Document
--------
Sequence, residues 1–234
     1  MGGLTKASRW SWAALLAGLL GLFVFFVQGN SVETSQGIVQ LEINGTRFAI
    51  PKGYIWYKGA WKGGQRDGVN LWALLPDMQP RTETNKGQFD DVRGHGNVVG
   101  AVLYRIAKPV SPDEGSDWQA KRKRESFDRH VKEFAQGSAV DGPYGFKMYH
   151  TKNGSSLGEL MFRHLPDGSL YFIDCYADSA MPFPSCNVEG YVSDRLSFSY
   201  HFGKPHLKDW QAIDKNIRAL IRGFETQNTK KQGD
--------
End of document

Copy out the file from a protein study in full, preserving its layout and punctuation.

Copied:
Sequence, residues 1–234
     1  MGGLTKASRW SWAALLAGLL GLFVFFVQGN SVETSQGIVQ LEINGTRFAI
    51  PKGYIWYKGA WKGGQRDGVN LWALLPDMQP RTETNKGQFD DVRGHGNVVG
   101  AVLYRIAKPV SPDEGSDWQA KRKRESFDRH VKEFAQGSAV DGPYGFKMYH
   151  TKNGSSLGEL MFRHLPDGSL YFIDCYADSA MPFPSCNVEG YVSDRLSFSY
   201  HFGKPHLKDW QAIDKNIRAL IRGFETQNTK KQGD